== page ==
3.5 Effect of Initial pH The effect of the initial pH on the removal of BPA is shown in Fig. 6c. The pH of the solution generally did not have a significant effect on the removal of BPA. In excess of 80 %, BPA removal was achieved over the entire pH range from 2 to 9. It has been reported that above pH 11, the percentage removal of BPA declined to below 70 %. The declining of BPA adsorption was also observed at

Langmuir equation

Ce 1 Ce ¼ þ K L qm qe qm


  1 Freundlich equation lnqe ¼ lnK F þ lnC e n


Temkin equation qe ¼ B lnA þ BlnC e


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0.9985 as shown in Fig. 7a and Table 4. The Freundlich and Temkin isotherm models generate a correlation factor (R2) of 0.9843 and 0.9911, respectively, with a less linear relationship (Fig. 7b, c) than was achieved with the Langmuir isotherm model. By comparing the correlation factors of the Langmuir, Freundlich, and Temkin isotherm models (Table 4), it is evident that the Langmuir model provides a better fit for explaining the adsorption of BPA on the activated carbon. The Langmuir isotherm suggests that EFB-activated carbon has a homogeneous surface where each potentially active site of EFB-activated carbon can accommodate one molecule of BPA (Chandra et al. 2007). The Langmuir

Fig. 6 a Effect of initial BPA concentration (adsorbent conc.=1 g/ L; time, 48 h; initial pH=normal). b Effect of adsorbent dose on BPA adsorption (C0 =20 mg/L; time, 24 h; initial pH=normal). c Effect of initial pH on BPA adsorption (C0 =20 mg/L; adsorbent conc.=1 g/L; time, 48 h)

where Ce (mg/L) is the concentration of BPA solution at equilibrium, qe (mg/g) is the amount of sorbed BPA at equilibrium, qm is the maximum sorption capacity, KL is the Langmuir constant, KF and n are the Freundlich constants, A is the Temkin equilibrium binding constant (L/g), and B is the Temkin constant related to heat of sorption (J mol−1) (Hameed and Rahman 2008). For the Langmuir isotherm model, the Ce/qe was plotted to Ce then the slope will be equal to 1/qm and intercept will be equal to 1/(KLqm). The plot of Ce/qe vs. Ce gives a linear curve with the correlation factor (R2) of

Fig. 7 Langmuir model (a), Freundlich model (b), and Temkin model (c) for adsorption of BPA onto EFB-activated carbon

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Table 4 The adsorption isotherm parameters of BPA adsorption Adsorption isotherm model


Langmuir isotherm

almond shell activated carbons have higher adsorption capacity of BPA; however, Sorbo-Norit and Merck are commercial activated carbons and the almond shell activated carbon contact time was 7 days, longer than the adsorption time of EFB-activated carbon in this study.

qm (mg/g)


KL (L/mg)




3.7 Adsorption Kinetics

KF (mg/g) (L/mg)1/n






Evaluation of the reaction kinetics is important for determining the rate of adsorbates uptake during the adsorption. The BPA sorption kinetics was investigated by examining the influence of contact time on BPA removal for 96 h. The kinetics of the adsorption of BPA approached equilibrium within ca. 48 h as illustrated in Fig. 4. The conditions of kinetic procedure were identical to equilibrium procedure. The aqueous samples were taken at interval time and the concentrations of residual BPA were measured. The amount of adsorption at t time, qt (mg/g), was calculated by:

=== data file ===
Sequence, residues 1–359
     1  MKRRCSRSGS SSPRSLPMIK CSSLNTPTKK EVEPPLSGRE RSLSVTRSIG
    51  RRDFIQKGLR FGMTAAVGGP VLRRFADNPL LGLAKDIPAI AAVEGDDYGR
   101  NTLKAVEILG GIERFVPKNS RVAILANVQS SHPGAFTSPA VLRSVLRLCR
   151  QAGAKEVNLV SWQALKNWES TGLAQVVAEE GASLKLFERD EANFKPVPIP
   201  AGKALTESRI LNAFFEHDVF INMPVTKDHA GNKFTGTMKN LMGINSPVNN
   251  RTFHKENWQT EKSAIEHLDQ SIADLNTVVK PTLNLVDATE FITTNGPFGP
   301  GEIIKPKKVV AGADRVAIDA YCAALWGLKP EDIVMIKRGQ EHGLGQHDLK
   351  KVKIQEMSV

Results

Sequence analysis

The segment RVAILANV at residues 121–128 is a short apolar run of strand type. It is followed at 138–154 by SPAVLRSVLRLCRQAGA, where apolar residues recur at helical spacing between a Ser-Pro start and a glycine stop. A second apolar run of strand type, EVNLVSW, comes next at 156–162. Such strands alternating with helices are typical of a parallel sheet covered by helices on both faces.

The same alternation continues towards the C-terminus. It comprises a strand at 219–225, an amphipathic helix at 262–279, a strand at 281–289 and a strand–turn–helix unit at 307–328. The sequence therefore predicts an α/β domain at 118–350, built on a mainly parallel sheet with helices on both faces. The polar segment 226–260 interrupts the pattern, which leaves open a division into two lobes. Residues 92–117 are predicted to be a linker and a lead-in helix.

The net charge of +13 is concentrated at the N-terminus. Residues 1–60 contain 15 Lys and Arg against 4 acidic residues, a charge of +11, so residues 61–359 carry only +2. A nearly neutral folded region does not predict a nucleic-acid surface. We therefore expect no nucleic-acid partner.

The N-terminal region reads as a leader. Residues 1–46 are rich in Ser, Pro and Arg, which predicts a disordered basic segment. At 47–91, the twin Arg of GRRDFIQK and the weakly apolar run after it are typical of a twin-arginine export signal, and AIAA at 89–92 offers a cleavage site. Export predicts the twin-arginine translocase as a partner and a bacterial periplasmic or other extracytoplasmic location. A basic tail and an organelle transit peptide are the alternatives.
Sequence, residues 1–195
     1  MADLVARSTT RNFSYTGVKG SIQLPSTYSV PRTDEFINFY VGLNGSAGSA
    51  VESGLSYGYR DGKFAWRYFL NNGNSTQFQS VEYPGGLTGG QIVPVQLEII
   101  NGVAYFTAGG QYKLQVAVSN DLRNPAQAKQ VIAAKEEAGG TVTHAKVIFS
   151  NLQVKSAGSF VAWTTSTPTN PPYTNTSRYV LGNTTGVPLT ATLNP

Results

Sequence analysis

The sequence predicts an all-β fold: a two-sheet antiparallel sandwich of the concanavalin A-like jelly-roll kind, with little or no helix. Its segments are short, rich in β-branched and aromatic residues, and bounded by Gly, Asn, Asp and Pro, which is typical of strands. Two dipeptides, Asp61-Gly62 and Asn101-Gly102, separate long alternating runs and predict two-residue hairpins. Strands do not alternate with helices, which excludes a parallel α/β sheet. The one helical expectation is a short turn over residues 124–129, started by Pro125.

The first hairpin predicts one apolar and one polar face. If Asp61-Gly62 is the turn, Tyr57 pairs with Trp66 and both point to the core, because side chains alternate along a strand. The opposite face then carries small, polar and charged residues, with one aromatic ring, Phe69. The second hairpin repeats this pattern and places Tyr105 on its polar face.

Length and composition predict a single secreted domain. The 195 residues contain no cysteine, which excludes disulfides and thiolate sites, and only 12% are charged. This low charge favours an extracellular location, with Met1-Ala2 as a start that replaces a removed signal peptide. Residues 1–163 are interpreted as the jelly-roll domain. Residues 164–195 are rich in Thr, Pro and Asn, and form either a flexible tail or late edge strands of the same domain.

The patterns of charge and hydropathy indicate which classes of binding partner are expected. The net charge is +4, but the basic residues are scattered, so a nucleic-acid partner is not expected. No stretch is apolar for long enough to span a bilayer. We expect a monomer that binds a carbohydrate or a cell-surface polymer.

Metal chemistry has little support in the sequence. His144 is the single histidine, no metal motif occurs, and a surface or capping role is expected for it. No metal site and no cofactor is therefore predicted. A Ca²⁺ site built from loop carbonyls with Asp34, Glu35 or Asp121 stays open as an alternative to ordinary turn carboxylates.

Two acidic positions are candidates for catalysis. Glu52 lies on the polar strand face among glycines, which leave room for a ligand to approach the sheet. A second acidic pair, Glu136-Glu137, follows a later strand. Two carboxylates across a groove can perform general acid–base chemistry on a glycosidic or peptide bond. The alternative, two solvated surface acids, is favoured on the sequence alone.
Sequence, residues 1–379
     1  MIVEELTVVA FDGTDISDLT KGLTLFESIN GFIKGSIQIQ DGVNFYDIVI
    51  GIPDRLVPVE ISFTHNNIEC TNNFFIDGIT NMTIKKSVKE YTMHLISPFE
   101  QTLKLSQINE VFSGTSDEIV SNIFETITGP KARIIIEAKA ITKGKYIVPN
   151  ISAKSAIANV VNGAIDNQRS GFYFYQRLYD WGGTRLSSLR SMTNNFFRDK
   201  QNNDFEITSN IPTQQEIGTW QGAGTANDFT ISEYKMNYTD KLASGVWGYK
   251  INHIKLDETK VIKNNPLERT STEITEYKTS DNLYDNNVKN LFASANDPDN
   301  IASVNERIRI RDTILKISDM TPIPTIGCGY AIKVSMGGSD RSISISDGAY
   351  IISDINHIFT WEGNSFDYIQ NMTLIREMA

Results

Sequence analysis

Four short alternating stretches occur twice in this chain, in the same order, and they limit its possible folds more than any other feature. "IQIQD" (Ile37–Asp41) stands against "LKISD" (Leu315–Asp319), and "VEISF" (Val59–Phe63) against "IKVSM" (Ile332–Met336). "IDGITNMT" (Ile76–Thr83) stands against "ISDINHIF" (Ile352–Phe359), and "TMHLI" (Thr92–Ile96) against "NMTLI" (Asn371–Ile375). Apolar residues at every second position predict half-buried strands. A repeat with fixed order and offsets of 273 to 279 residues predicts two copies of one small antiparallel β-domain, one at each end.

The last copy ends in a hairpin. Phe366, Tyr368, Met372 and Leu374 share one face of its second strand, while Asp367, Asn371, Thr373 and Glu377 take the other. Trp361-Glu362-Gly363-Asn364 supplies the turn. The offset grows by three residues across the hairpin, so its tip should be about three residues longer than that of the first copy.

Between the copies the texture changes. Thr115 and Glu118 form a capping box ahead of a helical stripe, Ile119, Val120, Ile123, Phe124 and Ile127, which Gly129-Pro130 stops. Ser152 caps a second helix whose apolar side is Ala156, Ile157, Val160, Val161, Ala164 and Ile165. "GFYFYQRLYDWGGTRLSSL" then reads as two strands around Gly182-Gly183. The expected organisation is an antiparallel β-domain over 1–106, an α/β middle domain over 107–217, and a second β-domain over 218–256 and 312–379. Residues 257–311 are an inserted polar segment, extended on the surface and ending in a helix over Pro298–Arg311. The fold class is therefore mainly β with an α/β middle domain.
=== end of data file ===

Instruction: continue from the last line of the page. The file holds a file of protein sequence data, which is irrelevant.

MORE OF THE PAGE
Freundlich isotherm

Temkin isotherm A (L/g)

54.56 −1

B (J mol )




isotherm model can describes the capacity of BPA to be adsorbed by activated carbon. From the data in Table 4, it can be seen that the EFB-activated carbon has a maximum adsorption capacity of 41.98 mg/g to form monolayer coverage. As compared with adsorption capacity of other adsorbents in Table 5, the EFB-activated carbon has a relatively good adsorption capacity. BautistaToledo et al. (2005) reported Sorbo-Norit, Merck and

Table 5 Comparison of BPA adsorption capacity onto several adsorbents Sample

Adsorption capacity (mg/g)

qt ¼

ðC o −C t ÞV W


Where Co (mg/L) is the initial of liquid-phase concentrations of BPA and Ct (mg/L) is the liquid-phase concentrations of BPA at time (t). The kinetics data for BPA adsorption were treated with the following pseudo-first-order, pseudo-secondorder models, and intraparticle-diffusion: pseudo–first–order model lnðqe −qt Þ ¼ lnqe − k 1 t



pseudo–second–order model EFB-activated carbon


This study

Almond shell activated carbon Sorbo-Norit, 3-A-7472


Bautista-Toledo et al.


Bautista-Toledo et al.

Merck, K27350518015


Bautista-Toledo et al.

Sugi chip


Nakanishi et al.

Sugi sawdust


Nakanishi et al.

Hinoki sawdust


Nakanishi et al.

Esterified carboxyl cotton Unmodified base peat


Gong et al.


Zhou et al.

Modified fibric peat


Zhou et al.



Tsai et al.

Diatomaceous earth


Tsai et al.



Xu et al.



Fan et al.

t 1 t ¼ þ 2 qt k 2 qe qe

intraparticle diffusion qt ¼ k dif t 1=2 þ C



where qe and qt (mg/g) respectively indicate the amount of BPA adsorbed at equilibrium and at time t (min); k1 is the pseudo-first-order rate constant and k2 is the pseudo-second-order rate constant; kdif is the intraparticle diffusion rate constant (mg/g min1/2), and C is the intercept which indicates the boundary layer thickness (Ghaedi et al. 2013; Rebitanim et al. 2012). Table 6 shows kinetics parameters calculated from the experimental data. By plotting ln (qe −qt) vs. t for the pseudo-first-order model and t/qt vs. t for pseudosecond-order models, the correlation coefficients, kinetics constant and qe values can be calculated. Based on